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  23. Please don’t get me wrong and I ask this question in all sincerity? (Let’s ignore Granada for a moment).

    I believe the American military won almost every single battle they fought since WW2 – but did they win any war since WW2?

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  24. I can remember my uncle listening to the McCarthy hearings. All of us children had to play outside so as not to disturb him. Enjoyed seeing all those old ads from 1950.

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    • I suppose McCarthy had the top tv ratings back then; it was news, history and a blot on the U.S. story all at once.

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      • Imagine Congressional Hearings occupying the afternoon time spots, competing with the soap operas. The Estes Kefauver Hearings were also a big hit. That’s the first time most Americans ever heard those famous words, “I refuse to answer that question under the provisions of the Fifth Amendment of the Constitution, against self-incrimination.”

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  25. What I can tell you about the 50’s is that the world seemed so much brighter and our country seemed like a never ending success story. Manufacturing companys were everywhere, and people were happy to have those jobs. By the mid-50’s, most people had a t-v, food was pleantiful, people could save maoney, and really enjoy the good life in peace and harmony. No one in my community locked their doors at night. I could go on and on, about one of the greatest periods in our history, but will end with great thanks that I was a part of it.

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  26. Interesting article and you got me thinking about what other countries were doing after the war. And Europe, though battered and beaten still came up with an incredible transportation system that seems far superior to ours. In many ways they have been ahead of the US in this regard. Love the ads!

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  27. Loved this post, and all the responses it got from people who answered your question about other countries. This is the world I was born into. Yet, as a little girl, I felt WWII and the Korean War (which ended the year I was born) were “ancient history.” Funny how “twenty years ago” when you are ten years old is not the same length of time as “twenty years ago” when you are sixty years old….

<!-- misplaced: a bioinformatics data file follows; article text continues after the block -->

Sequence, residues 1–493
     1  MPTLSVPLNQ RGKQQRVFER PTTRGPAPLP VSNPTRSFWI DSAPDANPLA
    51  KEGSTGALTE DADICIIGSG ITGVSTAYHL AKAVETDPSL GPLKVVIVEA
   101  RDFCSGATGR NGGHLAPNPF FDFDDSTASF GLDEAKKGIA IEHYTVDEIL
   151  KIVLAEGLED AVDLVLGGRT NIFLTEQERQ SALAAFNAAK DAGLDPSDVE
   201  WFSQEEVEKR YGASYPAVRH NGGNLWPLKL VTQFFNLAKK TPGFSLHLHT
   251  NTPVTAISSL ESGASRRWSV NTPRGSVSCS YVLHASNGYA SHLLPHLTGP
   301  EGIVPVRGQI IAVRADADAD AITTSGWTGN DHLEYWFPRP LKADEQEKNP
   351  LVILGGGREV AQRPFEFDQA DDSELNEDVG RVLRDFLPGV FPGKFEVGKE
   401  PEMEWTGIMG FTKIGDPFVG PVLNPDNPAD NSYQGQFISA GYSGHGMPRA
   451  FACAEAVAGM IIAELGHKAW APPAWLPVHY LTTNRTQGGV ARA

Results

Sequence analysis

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    • So true, so true – you think it’s because of time running so much faster the older we get? Thanks for the comments, Susan. Always a pleasure to see you here.

      Like

  28. I am amazed at the notion that there was any thought or plan to eliminate the Marines! As you mention the stats regarding consumerism and employment, it reminded me of what one professor in college told us years ago: that war was GOOD for the economy. He based it on WWII’s economic results. Ever since hearing that, over the years I have sought evidence of such a similar ‘boom’ with the wars I’ve been alive to see or aware of and I have not seen anything like he described. Perhaps, then, not all wars are good for the economy, after all. I especially have to conclude that after 10 years of the current war. If anything, this current war has cost our economy, thanks to downsizing of the Clinton era, and because we have taken so much of the manufacturing plants and jobs overseas. Such a shame. What I wouldn’t do to see some ‘boom’ times again.

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    • Back in WWII, the economy DID prosper from the war production, but ever since Korea – the wars are run by politicians and drag on so long that they drain the economy. Both you and your professor are correct – depending on the era you are speaking of.

      Like

  29. buffalotompeabody

    ” We invite you to use your credit”
    I will be laughing over that for weeks!

    Like

  30. Really great overview of the times – I always enjoy your posts. The 50’s was when industrial workers were living the heyday of the new middle class. Unions were effective in raising workers wages, people had disposable income to spend on goodies and life’s dreams seemed to know no limits. I wonder what those families who lived in Detroit during these times would think of their city today?